I read on a blog by Ian Delaney that about 2 weeks ago there was a round table meeting in the UK with several Yahoo folk which included Bradley Horowitz whom Ian took the liberty of describing his job description as someone whose purpose is “making cool stuff happen”. He goes over the details of this meeting that included several other digerati including Sam Sethi and several others. He goes on to talk about how Yahoo’s plans are to continue leveraging existing properties and acquiring new ones all in an effort to better understand and serve their users.

Here’s a quote:

But Yahoo wasn’t just making a branding statement. Like Google and other media companies, its business, essentially, is in selling advertising. Understanding their users, getting hold of their lifestream, was revealed as a key strategy in its acquisitions.

Of course all of this is part of a plan to take ad targeting and optimization to the next level. By increasing the knowledge about their users, Yahoo will effectively do a better job at targeting ads and increasing conversion rates for their advertisers. Privacy concerns aside (easier said than done) It may be hard to believe, but it’s a win / win for users and advertisers we should all get more relevant ads displayed which will lead to us buying more from advertisers. Did I ever mention that I used to work for an online advertising network 🙂

After reading Ian’s post I also came across a post from David Meyer who went on a rant about about this gathering (to be fair he didn’t mention it specifically, but it was fairly easy to connect the dots). He goes on to put a negative spin on Lifestreams with this quote:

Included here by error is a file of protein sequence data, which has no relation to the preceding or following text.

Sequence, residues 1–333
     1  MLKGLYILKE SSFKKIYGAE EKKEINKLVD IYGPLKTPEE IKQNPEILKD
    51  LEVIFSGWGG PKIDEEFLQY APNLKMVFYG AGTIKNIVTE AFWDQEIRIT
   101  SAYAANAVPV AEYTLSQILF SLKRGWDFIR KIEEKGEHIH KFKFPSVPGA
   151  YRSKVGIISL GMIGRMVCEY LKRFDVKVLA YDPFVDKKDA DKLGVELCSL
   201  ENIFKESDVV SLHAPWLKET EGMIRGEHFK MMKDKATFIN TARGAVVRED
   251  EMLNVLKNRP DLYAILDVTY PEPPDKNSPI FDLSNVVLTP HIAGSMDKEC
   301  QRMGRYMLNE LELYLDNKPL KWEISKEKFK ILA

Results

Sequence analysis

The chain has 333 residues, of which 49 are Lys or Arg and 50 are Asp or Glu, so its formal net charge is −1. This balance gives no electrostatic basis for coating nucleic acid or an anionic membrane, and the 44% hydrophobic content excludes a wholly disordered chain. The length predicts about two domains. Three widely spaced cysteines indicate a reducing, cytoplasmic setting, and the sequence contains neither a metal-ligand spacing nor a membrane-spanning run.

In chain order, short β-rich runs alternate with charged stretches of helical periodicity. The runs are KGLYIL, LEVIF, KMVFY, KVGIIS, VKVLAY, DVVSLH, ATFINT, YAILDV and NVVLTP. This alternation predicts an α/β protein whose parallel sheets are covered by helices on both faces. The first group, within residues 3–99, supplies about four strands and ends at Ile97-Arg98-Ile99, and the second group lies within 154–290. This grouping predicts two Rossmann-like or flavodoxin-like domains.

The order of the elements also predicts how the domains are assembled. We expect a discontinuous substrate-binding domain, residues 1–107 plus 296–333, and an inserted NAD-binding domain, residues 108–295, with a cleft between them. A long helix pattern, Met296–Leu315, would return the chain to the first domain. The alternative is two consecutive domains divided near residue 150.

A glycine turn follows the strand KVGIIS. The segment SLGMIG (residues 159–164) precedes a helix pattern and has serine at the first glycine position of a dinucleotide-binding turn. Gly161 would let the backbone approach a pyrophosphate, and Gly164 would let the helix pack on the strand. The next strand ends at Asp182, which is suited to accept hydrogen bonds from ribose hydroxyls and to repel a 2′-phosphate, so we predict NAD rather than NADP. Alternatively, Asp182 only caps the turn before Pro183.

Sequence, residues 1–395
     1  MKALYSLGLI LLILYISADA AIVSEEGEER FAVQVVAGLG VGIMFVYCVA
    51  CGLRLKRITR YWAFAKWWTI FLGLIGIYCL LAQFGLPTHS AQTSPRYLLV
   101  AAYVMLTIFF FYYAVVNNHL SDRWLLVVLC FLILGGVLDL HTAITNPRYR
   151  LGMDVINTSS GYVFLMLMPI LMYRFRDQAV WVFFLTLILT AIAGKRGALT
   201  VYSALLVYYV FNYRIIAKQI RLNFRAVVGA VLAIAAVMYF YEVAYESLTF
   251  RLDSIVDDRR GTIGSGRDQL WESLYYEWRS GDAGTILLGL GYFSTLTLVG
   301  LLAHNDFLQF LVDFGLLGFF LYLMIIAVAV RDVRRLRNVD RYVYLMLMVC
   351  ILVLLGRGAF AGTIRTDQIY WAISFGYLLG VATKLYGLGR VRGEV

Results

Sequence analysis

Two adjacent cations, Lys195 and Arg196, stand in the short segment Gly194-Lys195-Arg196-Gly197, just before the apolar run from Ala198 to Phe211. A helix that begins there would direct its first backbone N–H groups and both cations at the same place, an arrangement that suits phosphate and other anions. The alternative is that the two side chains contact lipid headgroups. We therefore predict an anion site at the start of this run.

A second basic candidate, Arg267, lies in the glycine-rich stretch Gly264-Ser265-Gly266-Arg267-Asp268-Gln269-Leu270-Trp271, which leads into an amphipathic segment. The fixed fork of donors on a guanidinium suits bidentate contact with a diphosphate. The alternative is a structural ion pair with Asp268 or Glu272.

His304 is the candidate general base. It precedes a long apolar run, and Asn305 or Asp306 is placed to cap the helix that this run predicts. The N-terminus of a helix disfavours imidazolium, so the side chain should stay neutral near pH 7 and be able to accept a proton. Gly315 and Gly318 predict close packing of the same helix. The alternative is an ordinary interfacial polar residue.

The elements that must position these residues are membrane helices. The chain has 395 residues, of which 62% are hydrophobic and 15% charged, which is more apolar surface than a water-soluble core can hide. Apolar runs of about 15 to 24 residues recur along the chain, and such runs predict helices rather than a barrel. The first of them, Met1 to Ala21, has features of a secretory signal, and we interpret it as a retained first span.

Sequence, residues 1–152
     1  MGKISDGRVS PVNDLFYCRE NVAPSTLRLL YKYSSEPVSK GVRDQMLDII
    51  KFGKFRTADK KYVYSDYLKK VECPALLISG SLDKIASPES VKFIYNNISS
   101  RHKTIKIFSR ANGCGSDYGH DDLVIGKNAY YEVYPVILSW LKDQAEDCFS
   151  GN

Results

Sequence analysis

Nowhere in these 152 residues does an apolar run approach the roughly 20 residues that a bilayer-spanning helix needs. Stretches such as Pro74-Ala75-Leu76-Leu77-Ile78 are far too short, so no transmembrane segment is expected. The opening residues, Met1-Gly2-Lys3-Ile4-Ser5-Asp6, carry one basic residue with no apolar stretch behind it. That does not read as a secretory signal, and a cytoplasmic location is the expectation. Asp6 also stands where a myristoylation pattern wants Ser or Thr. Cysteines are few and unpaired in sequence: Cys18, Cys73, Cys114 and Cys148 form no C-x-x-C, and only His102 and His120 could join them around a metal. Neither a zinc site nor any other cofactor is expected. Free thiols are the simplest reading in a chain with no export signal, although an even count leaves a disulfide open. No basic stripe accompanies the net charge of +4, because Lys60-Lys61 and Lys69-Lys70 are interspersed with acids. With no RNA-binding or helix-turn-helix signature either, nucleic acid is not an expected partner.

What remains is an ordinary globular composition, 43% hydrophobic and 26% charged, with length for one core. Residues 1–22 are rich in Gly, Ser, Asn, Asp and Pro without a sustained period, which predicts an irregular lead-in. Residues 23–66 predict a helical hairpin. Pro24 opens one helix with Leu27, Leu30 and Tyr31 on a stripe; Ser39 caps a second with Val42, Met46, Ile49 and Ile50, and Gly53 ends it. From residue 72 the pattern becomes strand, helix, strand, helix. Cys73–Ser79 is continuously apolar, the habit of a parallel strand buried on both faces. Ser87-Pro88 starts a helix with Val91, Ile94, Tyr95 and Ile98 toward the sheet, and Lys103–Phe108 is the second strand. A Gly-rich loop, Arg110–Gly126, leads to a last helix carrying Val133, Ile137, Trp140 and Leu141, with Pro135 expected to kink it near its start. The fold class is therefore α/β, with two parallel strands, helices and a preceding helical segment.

I’m used to people tossing around nonsense-words like “leverage” and even “bio-break“, but today things hit a new low with a discussion about “lifestreams” (“lives”, you mean?) and how they need to be analysed or data-mined or what-have-you.

I’ll agree with him on the non-sense words, but that’s about it. He goes on to talk about the lack of of purpose quality content generated by social networks yet goes on to praise blogging as having created a revolution. Ummm…I’ve come across some blogs that I’d put some of the worst MySpace pages up against. Yes there are people who have Twitter as a source in their Lifestream and they may (as David put’s it) add “I’ve had a sandwich”, but hey in the virtual world just as in the real world, you get to choose who your friends are.

Now let me return to Bradley Horowitz for a little while. Ian linked to his blog which in turn linked to this article on the BBC. I’m not sure why he felt remorseful about the blurb because it was one of the most insightful pieces about some very exciting possibilities coming in the near future that I have read in a while. Apparently I wasn’t the only one.

David described Bradley as an Evangelist (remember I’m only speculating here :)) as if that’s a bad thing. I wouldn’t expect anything less from someone in Bradley’s position and the passion that he has regarding the future is evident from the story. I could go on by dissecting what he discusses and how it applies to Lifestreaming but I want you to go read it and I’m tired tonite but this post should definitely generate either some comments below or some discussions over at #Lifestream.

Bradley Horowitz is my new hero and David Meyer is now my nemesis…are you having a laugh?

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